The next trade war will be over transatlantic data flows, and it will make the fight with China look like a picnic. That’s the subject of this episode’s interview. The European Court of Justice is poised to go nuclear – to cut off US companies’ access to European customer data unless the US lets European courts and data protection agencies refashion its intelligence capabilities according to standards no European government has ever been required to meet. It is Europe in full neocolonial mode, but it has sailed below the radar, disguised as an abstruse European legal fight. Maury Shenk and I interview Peter Swire on the Schrems cases that look nearly certain to provoke a transatlantic trade and intelligence crisis. Actually, Maury interviews Peter, and I throw bombs into the conversation. But if ever there were a cyberlaw topic that deserves more bomb-throwing, this is it.


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Nick Weaver and I debate Sens. Graham and Blumenthal’s EARN IT Act, a proposal to require that social media firms follow best practices on preventing child abuse. If they don’t, they won’t get full Section 230 immunity from liability for recklessly allowing the abuse. Nick thinks the idea is ill-conceived and doomed to fail. I think there’s a core of sense to the proposal, which simply asks that Silicon Valley firms who are reckless about child abuse on their networks pay for the social costs they’re imposing on society. Since the bill gives the attorney general authority to modify the best practices submitted by a commission of industry, academic, and civic representatives, critics are sure that the final product will reduce corporate incentives to offer end-to-end encryption.


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With apologies for the late post, Episode 263 of The Cyberlaw Podcast tells the sad tale of another US government leaker who unwisely trusted The Intercept not to compromise its source. As Nick Weaver points out, The Intercept also took forever to actually report on some of the material it received.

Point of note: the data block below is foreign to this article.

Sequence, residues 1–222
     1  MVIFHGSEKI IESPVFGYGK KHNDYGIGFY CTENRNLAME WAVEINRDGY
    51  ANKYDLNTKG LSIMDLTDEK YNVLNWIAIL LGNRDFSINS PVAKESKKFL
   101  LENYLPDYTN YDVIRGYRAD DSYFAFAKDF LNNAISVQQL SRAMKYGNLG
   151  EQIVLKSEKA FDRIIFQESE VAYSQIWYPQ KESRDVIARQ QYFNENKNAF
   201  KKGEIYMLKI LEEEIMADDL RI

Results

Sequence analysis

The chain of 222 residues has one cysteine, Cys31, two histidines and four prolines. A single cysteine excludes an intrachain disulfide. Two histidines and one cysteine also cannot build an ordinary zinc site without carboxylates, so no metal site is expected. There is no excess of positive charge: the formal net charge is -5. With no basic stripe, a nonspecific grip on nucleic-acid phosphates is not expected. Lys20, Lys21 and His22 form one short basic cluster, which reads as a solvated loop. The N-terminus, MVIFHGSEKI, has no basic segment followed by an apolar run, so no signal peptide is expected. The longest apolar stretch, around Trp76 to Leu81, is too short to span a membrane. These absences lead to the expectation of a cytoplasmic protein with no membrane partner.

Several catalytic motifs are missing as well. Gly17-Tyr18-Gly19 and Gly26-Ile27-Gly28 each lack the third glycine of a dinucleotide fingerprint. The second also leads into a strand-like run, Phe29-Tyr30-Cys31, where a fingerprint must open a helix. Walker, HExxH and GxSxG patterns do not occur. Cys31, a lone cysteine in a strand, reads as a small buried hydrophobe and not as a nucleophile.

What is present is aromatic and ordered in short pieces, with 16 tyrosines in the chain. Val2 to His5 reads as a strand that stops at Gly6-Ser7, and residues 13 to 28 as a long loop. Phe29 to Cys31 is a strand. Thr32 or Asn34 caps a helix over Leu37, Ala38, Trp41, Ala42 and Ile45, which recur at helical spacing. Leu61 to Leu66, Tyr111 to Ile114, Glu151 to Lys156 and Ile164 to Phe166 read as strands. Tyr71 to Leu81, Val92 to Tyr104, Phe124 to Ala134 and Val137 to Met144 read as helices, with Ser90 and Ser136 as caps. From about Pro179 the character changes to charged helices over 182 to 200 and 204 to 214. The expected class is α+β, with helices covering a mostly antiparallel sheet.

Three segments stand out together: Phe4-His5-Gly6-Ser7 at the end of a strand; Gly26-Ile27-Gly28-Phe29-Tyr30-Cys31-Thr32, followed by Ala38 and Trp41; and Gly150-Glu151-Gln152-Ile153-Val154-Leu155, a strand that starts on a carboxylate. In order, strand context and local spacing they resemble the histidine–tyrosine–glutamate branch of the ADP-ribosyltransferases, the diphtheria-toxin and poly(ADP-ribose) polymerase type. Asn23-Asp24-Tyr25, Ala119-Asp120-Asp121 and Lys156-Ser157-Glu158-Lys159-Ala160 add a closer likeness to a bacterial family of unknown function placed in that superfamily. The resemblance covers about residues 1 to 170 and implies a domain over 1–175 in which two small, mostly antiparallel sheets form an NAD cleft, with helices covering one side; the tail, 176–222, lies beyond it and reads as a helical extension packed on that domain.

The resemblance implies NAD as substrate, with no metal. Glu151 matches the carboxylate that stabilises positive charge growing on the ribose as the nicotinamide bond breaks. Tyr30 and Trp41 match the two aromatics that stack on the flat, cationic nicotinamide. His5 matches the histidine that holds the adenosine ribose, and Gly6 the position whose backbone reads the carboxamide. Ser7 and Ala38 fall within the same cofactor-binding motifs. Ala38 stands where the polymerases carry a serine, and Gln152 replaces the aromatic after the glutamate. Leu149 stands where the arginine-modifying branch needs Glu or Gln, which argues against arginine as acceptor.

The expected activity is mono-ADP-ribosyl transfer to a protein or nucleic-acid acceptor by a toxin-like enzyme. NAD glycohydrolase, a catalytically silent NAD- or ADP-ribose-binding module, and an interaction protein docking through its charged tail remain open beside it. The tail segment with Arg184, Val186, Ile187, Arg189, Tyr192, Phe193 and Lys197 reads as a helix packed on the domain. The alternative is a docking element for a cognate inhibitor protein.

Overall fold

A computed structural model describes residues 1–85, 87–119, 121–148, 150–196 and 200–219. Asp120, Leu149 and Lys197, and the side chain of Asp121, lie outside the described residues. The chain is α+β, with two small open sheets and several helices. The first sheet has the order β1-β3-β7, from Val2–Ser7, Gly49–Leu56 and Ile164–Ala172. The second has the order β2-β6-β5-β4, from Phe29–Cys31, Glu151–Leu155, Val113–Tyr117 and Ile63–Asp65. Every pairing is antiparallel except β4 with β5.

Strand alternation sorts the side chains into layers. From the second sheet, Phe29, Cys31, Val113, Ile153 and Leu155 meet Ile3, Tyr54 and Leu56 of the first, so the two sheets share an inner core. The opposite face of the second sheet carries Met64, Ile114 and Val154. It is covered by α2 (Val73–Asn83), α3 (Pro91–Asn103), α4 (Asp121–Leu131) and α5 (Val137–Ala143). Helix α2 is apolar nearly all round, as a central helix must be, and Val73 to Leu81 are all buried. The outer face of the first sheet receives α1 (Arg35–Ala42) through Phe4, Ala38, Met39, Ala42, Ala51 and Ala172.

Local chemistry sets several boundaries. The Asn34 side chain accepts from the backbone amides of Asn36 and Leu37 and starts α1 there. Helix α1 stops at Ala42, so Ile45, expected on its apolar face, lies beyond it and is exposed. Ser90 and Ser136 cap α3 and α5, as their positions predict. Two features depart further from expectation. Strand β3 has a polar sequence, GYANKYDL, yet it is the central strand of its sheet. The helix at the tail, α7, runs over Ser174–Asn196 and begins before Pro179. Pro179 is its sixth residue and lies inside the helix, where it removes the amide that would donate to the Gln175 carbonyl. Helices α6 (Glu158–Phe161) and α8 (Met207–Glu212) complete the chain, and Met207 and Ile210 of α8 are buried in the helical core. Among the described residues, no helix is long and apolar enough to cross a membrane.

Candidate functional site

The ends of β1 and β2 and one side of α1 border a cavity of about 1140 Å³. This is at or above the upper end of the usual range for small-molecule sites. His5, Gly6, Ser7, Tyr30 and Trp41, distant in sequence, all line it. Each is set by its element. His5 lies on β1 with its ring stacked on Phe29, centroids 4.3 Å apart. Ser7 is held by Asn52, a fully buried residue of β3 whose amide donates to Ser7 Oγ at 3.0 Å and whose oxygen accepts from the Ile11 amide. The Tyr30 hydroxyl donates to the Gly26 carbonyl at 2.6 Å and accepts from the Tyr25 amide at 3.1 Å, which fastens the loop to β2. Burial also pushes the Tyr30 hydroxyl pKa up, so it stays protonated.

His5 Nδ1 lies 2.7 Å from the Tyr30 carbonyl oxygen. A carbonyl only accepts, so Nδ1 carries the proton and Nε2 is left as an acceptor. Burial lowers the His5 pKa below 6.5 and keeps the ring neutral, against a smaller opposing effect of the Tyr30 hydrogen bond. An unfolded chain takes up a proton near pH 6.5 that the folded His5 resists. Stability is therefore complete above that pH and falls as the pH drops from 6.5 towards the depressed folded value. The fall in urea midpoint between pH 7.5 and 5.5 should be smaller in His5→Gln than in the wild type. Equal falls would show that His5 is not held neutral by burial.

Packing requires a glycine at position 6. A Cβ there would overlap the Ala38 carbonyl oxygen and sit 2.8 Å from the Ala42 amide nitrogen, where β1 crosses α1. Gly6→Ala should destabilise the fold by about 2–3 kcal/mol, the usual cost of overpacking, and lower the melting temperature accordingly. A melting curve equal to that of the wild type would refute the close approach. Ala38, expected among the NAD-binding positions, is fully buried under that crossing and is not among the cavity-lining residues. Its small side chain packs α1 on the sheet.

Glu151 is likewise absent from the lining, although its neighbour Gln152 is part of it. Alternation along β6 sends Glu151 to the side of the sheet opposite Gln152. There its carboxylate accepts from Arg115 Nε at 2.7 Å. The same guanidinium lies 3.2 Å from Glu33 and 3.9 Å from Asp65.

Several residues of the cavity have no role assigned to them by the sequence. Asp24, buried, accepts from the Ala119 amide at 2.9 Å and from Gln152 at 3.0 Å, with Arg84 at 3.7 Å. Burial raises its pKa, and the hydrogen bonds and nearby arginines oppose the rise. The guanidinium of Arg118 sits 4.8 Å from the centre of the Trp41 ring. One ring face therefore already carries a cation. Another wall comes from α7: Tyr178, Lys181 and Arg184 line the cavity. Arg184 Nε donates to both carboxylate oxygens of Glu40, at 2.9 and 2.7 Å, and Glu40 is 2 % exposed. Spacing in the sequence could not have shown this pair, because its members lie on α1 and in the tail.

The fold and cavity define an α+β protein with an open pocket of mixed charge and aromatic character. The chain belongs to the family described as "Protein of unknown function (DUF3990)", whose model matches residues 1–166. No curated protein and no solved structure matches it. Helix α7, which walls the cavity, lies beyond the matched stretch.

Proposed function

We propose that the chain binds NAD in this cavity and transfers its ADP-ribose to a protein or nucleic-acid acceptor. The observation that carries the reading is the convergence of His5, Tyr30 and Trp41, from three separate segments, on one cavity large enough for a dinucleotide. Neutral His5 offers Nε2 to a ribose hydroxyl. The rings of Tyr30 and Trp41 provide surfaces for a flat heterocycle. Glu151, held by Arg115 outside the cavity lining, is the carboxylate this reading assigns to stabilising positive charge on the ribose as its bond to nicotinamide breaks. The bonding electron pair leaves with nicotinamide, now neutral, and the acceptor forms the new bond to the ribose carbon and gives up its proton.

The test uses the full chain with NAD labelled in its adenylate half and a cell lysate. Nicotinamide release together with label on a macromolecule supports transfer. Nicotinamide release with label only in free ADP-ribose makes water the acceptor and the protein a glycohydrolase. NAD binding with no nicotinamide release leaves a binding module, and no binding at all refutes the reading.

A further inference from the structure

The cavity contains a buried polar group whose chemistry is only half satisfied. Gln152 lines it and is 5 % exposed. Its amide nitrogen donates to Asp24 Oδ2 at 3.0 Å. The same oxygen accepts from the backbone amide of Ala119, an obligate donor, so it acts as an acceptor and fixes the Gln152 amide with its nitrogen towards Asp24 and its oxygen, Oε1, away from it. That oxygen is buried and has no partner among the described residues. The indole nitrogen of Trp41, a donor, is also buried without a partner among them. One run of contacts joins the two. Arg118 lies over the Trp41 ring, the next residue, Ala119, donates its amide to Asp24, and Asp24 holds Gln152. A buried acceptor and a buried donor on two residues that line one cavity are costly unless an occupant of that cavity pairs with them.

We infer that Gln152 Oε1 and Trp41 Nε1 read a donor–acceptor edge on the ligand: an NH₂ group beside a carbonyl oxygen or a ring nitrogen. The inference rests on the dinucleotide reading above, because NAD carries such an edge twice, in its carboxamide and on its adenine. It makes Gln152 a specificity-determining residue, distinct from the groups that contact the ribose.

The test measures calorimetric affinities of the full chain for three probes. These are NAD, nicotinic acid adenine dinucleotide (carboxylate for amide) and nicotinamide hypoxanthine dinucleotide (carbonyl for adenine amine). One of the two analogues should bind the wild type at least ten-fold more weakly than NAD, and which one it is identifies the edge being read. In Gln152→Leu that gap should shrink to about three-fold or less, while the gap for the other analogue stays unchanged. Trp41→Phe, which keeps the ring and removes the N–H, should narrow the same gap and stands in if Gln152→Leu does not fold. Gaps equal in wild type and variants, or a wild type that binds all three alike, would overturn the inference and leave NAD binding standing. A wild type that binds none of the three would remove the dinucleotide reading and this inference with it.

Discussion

In other

Our guest for episode 119 is Kevin Kelly, founding executive editor of Wired Magazine and author of The Inevitable: Understanding the 12 Technological Forces that will Shape our Future.  Kevin and I share many views – from skepticism about the recording industry’s effort to control their digital files to a similar skepticism about EFF’s effort to control private data – but he is California sunny and I am East Coast dark about where emerging technology trends are taking us.  The conversation ranges from Orwell and the Wayback Machine to the disconcerting fluidity and eternal noobie-ness of today’s technological experience.  In closing Kevin sketches a quick but valuable glimpse of where technology could take us if it comes from Shenzhen rather than Mountain View, as it likely will.
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Dmitri AlperovitchRansomware is the new black.  In fact, it’s the new China.  So says our guest for episode 116, Dmitri Alperovitch, the CTO and co-founder of CrowdStrike.  Dmitri explains why ransomware is so attractive financially – and therefore likely to get much worse very fast.  He and I also explore the implications and attribution of the big bank hacks in Vietnam and Bangladesh.
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Stephanie Roy, Siobhan Gorman, Stewart Baker

Our guest for Episode 56 of the Cyberlaw Podcast is Siobhan Gorman, who broke many of the top cybersecurity stories for the Wall Street Journal until she left late last year to join the Brunswick Group, which does crisis communications for private companies.  Siobhan comments on the flood of attribution stories in recent days,

Our guest is one of the most highly regarded cybercrime prosecutors in the country – John Lynch, the Chief of the Computer Crime and Intellectual Property Section (CCIPS) in DOJ’s Criminal Division.  Among other things, John talks about how DOJ is organized to investigate and prosecute cybercrime and about its efforts to strengthen partnerships with